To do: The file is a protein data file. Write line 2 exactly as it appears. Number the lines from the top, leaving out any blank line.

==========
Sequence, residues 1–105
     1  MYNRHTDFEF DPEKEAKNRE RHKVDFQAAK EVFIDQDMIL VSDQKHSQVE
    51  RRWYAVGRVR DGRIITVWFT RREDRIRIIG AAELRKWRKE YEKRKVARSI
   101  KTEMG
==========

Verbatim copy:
     1  MYNRHTDFEF DPEKEAKNRE RHKVDFQAAK EVFIDQDMIL VSDQKHSQVE